A European privacy body said it "has doubts" that using facial recognition technology developed by U.S. company Clearview AI is legal in the EU. Clearview AI allows users to link facial images of an individual to a database of more than 3 billion pictures scraped from social media and other sources. According to media reports, over 600 law enforcement agencies worldwide are using the controversial app. But in a statement Wednesday, the European Data Protection Board said that "the use of a service such as Clearview AI by law enforcement authorities in the European Union would, as it stands, likely not be consistent with the EU data protection regime." The body issued the statement after MEPs raised questions regarding the use of the company's software.
The authors of the Harrisburg University study make explicit their desire to provide "a significant advantage for law enforcement agencies and other intelligence agencies to prevent crime" as a co-author and former NYPD police officer outlined in the original press release. At a time when the legitimacy of the carceral state, and policing in particular, is being challenged on fundamental grounds in the United States, there is high demand in law enforcement for research of this nature, research which erases historical violence and manufactures fear through the so-called prediction of criminality. Publishers and funding agencies serve a crucial role in feeding this ravenous maw by providing platforms and incentives for such research. The circulation of this work by a major publisher like Springer would represent a significant step towards the legitimation and application of repeatedly debunked, socially harmful research in the real world. To reiterate our demands, the review committee must publicly rescind the offer for publication of this specific study, along with an explanation of the criteria used to evaluate it. Springer must issue a statement condemning the use of criminal justice statistics to predict criminality and acknowledging their role in incentivizing such harmful scholarship in the past. Finally, all publishers must refrain from publishing similar studies in the future.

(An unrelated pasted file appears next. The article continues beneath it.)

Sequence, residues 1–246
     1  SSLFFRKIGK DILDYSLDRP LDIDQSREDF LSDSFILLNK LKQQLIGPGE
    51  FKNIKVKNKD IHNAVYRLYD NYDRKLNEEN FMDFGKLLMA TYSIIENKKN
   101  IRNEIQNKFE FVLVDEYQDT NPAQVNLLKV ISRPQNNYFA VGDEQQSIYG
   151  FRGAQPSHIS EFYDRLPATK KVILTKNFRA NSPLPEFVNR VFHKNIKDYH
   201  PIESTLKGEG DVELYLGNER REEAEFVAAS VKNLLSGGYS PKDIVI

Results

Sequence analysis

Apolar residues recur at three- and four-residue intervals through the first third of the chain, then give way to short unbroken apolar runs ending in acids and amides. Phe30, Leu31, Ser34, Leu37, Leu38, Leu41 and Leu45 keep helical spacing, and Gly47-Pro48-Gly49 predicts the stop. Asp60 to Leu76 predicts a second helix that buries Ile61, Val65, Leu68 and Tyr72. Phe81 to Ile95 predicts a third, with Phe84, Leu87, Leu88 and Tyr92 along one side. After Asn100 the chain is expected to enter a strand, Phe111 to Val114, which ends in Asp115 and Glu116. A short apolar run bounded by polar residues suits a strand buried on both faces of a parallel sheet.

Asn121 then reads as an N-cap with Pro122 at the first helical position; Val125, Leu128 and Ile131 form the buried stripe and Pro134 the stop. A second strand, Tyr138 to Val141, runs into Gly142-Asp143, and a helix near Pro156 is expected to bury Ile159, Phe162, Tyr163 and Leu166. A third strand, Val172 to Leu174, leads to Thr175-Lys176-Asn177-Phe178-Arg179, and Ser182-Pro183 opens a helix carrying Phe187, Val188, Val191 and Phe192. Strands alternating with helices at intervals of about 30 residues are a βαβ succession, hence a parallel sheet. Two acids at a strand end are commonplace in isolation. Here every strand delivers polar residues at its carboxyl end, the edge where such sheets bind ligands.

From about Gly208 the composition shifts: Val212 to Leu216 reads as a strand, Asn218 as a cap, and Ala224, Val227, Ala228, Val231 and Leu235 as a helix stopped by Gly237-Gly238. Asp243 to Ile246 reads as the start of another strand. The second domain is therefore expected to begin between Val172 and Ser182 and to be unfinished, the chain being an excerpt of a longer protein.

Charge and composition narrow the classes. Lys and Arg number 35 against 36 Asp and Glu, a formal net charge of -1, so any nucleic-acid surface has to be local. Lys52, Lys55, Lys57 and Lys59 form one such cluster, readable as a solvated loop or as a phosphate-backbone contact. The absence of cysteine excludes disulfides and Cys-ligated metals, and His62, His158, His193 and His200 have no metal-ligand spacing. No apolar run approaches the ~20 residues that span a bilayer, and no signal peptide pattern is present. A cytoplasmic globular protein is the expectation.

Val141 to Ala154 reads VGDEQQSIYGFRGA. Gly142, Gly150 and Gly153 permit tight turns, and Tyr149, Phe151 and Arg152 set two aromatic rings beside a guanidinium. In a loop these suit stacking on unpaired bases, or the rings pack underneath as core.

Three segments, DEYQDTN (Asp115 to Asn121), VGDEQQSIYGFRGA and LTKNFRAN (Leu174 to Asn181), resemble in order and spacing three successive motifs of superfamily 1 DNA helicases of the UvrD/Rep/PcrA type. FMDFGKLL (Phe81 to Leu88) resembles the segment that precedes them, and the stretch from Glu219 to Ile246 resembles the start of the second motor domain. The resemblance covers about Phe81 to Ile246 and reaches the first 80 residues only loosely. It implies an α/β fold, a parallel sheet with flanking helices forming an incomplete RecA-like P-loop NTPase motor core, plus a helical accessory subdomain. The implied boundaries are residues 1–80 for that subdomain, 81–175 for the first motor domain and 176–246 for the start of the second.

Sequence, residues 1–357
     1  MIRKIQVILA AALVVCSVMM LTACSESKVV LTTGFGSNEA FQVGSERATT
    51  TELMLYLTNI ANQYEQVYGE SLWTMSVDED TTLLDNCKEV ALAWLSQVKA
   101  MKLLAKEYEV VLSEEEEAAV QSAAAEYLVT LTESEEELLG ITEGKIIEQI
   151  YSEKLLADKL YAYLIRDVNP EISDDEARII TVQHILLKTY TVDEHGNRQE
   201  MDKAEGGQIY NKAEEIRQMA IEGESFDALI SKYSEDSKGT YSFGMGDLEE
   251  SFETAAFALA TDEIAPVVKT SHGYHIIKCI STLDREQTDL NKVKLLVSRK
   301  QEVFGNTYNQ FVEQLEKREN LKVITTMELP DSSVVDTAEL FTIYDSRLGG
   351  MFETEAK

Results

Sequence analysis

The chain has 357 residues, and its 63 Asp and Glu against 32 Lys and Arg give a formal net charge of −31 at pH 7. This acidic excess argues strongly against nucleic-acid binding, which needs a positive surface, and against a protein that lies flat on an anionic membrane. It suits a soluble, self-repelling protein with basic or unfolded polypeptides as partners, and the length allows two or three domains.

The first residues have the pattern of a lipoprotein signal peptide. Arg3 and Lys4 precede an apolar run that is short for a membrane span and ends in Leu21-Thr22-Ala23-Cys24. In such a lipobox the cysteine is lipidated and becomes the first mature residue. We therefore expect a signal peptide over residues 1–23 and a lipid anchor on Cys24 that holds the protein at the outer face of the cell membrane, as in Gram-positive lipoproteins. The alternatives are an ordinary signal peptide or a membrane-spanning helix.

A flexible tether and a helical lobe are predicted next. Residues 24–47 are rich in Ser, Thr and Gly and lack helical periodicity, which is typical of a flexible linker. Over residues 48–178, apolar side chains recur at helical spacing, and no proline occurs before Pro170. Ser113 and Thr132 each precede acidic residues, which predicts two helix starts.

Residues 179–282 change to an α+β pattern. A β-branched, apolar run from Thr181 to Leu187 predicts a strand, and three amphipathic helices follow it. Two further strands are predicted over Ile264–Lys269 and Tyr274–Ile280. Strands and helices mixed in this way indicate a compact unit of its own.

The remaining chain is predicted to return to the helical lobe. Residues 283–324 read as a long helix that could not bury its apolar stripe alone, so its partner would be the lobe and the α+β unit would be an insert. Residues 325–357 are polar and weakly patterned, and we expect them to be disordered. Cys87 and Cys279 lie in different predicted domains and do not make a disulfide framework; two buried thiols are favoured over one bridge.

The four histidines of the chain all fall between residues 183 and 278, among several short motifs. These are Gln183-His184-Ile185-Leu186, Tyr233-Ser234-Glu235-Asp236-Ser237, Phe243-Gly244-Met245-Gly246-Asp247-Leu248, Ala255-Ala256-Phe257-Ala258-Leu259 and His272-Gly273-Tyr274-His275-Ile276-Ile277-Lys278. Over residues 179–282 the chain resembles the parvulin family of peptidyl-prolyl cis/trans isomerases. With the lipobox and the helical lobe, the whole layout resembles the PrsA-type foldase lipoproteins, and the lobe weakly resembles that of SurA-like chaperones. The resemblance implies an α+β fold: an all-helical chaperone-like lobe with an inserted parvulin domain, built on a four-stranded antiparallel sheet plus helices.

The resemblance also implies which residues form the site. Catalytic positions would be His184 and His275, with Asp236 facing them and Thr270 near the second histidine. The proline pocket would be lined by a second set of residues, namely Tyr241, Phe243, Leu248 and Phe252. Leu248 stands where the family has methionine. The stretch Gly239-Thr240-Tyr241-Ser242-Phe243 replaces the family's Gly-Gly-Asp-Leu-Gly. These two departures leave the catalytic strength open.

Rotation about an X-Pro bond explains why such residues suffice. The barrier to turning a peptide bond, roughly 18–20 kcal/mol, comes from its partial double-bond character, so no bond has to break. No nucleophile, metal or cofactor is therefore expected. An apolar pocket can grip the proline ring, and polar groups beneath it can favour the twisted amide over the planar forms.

A Russian company has launched a programme that can identify a stranger among 300 million Twitter users in less than a second. The social media platform has responded to the new software, called "FindFace", saying it its use is in "violation" of its rules and it is taking the matter "very seriously". Trump'obviously aware' Russia behind election hacks, White House says Syria's Assad says Donald Trump will be Russia's'natural ally' Trump'obviously aware' Russia behind election hacks, White House says Syria's Assad says Donald Trump will be Russia's'natural ally' "We see lots of opportunities for Twitter users on the service," Artem Kukharenko, co-founder of NTechLab told BuzzFeed. "We think this is something many people will use," he added, claiming the technology could be used to reduce spam profiles. "Not in the US, but in other countries there is a real problem of politicians, reporters, finding that someone created a fake account for them.